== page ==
It seems that Queen Marie, not very graceful and devoted entirely to raising their fourteen children, felt enormous sympathy for Agnes. When the flattery of the King exceeded the limits of courtesy and displayed more intimate intentions, Agnes went to seek advice from the Queen. Marie must have thought that, since she could not count on the fidelity of her husband, for whom she never felt great passion, best left in the arms of an ally than risk to found him in the bed of a possible adversary, and gave Agnes her blessing.

The role was not uncommon in her days, when kings were accustomed to visit the alcoves of the ladies of the Court, but so far, such a formalization of this kind of relation had not been seen before in the French court. As Enea Silvio Piccolomini, who would later become Pope Pius II, recounts in his memoirs referring to Agnes: "To the table, in bed, in the Council, she always had to be at his side." Agnes Sorel became the first official mistress of a French king. 




The Virgin of Melun (detail)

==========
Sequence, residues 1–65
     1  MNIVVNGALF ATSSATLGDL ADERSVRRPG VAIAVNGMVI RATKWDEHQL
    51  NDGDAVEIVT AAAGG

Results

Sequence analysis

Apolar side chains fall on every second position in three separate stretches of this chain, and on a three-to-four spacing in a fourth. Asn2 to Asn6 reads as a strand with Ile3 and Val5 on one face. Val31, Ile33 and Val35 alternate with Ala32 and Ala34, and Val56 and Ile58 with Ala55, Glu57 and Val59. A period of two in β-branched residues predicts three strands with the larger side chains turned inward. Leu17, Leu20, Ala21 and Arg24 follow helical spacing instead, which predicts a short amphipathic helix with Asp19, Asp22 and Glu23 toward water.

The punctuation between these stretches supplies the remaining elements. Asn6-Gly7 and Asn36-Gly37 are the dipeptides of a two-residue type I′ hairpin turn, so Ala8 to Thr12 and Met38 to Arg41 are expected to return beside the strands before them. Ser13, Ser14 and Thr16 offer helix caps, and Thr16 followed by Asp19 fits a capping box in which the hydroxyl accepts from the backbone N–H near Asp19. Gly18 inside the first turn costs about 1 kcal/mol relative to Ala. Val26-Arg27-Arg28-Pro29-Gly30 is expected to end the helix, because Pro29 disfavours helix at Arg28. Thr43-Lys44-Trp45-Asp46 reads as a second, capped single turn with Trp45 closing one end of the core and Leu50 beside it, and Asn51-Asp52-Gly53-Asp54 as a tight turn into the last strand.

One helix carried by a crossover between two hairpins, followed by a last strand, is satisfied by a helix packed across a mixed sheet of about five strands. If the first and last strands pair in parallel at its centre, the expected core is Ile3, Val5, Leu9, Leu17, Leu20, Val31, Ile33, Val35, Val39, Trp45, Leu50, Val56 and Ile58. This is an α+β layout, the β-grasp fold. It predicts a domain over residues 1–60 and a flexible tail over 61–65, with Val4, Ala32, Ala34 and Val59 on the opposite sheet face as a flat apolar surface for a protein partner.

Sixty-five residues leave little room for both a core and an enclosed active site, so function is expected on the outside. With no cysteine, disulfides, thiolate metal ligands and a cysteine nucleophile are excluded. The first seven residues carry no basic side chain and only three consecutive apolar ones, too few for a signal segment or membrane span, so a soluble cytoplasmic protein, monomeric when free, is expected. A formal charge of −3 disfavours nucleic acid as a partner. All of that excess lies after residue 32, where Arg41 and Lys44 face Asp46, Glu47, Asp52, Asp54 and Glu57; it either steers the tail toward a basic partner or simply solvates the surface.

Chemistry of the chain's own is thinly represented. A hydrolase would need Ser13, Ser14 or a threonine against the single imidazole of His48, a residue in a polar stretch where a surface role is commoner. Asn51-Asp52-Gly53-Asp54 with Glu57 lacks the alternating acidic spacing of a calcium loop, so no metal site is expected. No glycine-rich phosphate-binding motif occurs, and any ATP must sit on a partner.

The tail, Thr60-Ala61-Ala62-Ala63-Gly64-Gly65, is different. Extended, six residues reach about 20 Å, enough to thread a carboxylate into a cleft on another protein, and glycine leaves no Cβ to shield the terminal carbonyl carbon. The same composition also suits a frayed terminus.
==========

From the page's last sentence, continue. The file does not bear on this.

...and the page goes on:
Charles VII, totally in love, is willing to satisfy every whim of her lover. And Agnes wants it all. In a few months she becomes the best client of the famous Jacques Coeur, international merchant and great jeweller of the King. She was also bestowed with several titles of nobility: Castellan of Loches, Lady of Beauté-sur-Marne and Countess of Penthièvre.


Agnes was original and extravagant, and soon marked the way for women's fashion at the Court. She combed her hair in dizzying pyramids, walked in robes richly embroidered and her plunging necklines were so spectacular that on one occasion a bishop complained to the King "of the openings in the front, where you can see her breasts and nipples". 

His style was so personal that it is not surprising that Fouquet, subjugated by her beauty, came to represent her in his diptych with such a daring image 




The Virgin of Melun as displayed at the Prado Museum (Madrid, Spain)


Agnès gave birth to three daughters fathered by the King. While pregnant with their fourth child, she journeyed in deep midwinter to join Charles on the campaign of 1450 in Jumièges, wanting to be with him as moral support. There, she suddenly became ill and after giving birth died on 9 February 1450 at the age of 28. 


While the cause of death was originally thought to be dysentery, scientists have now concluded that Agnès died of mercury poisoning, possibly the making of Charle’s son the future King Louis XI, who may have wanted to remove her strong influence over the King.

She was interred in the Church of St. Ours, in Loches, and her heart was buried in the beautiful Benedictine Abbey of Jumièges.




Agnes Sorel Tomb. Loches.